Academic Avenues

Central High School student Justus Hayes speaks Thursday while Superintendent Jon Rysewyk and County Mayor Glenn Jacobs look on.

Academic Avenues

With the launch of its first eight 865 Academies, Knox County aims to bridge the school-to-work gap.

by Jesse Fox Mayshark • January 27, 2023
Central High School student Justus Hayes speaks Thursday while Superintendent Jon Rysewyk and County Mayor Glenn Jacobs look on.

Central High School student Justus Hayes speaks Thursday while Superintendent Jon Rysewyk and County Mayor Glenn Jacobs, second and third from left, look on.

Eight Knox County high schools will restructure their offerings this fall under the banner of the district’s new 865 Academies.

Students will choose an academy pathway at the end of their freshman year.

In each school, this year’s freshmen will choose among two to four career pathways that will have different electives and work-related opportunities.

Superintendent Jon Rysewyk, County Mayor Glenn Jacobs and a host of local notables announced the eight academies Thursday morning in an event at Central High School in Fountain City.

“It’s really our attempt to reimagine high school,” Rysewyk said, standing at a lectern set up in Central’s auto body shop. “We can't do high school like we did high school 30 years ago. We understand that if we want to keep a workforce here in Knoxville … we’ve got to prepare students. School systems are uniquely positioned to do that.”

Thursday’s announcement was the result of several years of discussions among school and community leaders, which was assisted by Ford Motor Co.’s Next Generation Learning initiative. The goal is to help students develop a more concrete sense of their options in the post-secondary world, including chances for job shadowing and work experience in fields that interest them.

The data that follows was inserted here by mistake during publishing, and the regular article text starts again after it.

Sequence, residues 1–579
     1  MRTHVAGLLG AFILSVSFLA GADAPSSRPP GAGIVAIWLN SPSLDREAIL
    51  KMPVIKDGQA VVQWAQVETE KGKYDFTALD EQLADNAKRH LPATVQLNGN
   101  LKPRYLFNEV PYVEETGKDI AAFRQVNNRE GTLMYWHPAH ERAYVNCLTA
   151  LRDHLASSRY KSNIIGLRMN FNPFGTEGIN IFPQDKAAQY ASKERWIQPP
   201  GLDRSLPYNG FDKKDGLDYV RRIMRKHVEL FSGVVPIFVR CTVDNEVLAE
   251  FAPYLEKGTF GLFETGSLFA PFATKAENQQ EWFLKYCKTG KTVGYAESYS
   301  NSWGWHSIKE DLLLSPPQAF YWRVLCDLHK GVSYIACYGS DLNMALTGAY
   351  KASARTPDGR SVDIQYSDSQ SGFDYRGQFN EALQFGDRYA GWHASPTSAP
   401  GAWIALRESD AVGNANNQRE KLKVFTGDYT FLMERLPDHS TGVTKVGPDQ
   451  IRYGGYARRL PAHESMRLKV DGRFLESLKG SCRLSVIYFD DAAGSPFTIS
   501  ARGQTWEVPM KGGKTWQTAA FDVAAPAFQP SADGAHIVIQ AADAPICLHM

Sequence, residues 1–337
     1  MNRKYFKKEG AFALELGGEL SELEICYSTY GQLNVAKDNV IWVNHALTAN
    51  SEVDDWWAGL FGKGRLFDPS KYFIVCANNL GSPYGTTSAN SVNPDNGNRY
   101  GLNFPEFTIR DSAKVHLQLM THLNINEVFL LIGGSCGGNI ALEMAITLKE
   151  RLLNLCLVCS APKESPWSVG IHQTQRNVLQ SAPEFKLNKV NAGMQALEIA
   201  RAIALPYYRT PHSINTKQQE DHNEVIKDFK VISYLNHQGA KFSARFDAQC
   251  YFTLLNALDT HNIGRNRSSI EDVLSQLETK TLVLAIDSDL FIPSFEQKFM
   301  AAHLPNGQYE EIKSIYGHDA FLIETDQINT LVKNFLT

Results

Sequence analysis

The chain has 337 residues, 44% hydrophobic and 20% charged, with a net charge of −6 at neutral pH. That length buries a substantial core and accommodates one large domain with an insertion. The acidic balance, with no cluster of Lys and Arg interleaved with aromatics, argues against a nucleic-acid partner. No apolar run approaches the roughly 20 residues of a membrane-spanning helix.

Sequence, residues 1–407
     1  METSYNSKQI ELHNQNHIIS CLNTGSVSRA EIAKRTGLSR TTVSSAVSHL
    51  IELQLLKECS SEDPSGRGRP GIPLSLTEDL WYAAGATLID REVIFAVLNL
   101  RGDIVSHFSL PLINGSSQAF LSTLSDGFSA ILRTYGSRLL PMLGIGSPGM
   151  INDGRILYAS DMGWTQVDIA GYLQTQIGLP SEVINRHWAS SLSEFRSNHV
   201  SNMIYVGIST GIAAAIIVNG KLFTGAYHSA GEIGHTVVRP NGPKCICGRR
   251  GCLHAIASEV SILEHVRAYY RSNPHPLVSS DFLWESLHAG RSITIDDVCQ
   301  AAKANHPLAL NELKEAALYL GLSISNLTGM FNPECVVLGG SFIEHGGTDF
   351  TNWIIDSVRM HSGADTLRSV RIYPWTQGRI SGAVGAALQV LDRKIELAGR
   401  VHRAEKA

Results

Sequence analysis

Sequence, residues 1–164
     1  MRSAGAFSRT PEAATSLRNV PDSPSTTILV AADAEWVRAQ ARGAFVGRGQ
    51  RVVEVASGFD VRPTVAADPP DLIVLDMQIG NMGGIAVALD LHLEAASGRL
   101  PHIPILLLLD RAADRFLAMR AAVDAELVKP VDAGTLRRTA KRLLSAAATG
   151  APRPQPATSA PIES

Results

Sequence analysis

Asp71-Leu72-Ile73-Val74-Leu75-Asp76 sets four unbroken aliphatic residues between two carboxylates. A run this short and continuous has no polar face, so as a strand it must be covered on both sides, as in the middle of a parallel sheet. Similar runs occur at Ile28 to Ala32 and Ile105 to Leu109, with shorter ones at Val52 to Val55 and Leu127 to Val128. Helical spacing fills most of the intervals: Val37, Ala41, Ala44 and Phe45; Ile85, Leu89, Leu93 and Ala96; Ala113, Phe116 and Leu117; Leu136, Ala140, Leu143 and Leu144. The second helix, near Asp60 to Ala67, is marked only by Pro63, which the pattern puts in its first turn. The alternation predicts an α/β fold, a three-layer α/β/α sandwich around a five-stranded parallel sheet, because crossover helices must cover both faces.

Rysewyk said students should graduate ready for one of the “three E’s”: enrollment (in college or trade school), employment, or enlistment (in the military). And he suggested a fourth E as well: “We’re also trying to do that all with an entrepreneurial mindset,” he said. “Because we know that’s kind of the future of business.”

Eight of the county’s 15 high schools were selected for the first 865 Academies cohort: Austin-East Magnet, Bearden, Central, Farragut, Fulton, Hardin Valley, Karns and L&N STEM Academy. 

Ninth-graders at each of those schools have spent this year preparing for their coming choices. Central High School Principal Andrew Brown told the crowd assembled Thursday that he is already seeing benefits from that work in terms of student engagement.

“Our attendance is improved,” he said. “Our discipline in the freshman class, which usually leads the school, is currently at the semester break down about 40 percent. We’re already seeing great gains in academics.”

The academies announced for the eight schools in most cases draw on existing programs and strengths in the buildings and the communities they serve. There is a fair amount of overlap, with many schools having pathways that include STEM (Science, Technology, Engineering and Math), health sciences and business. You can see the full list here.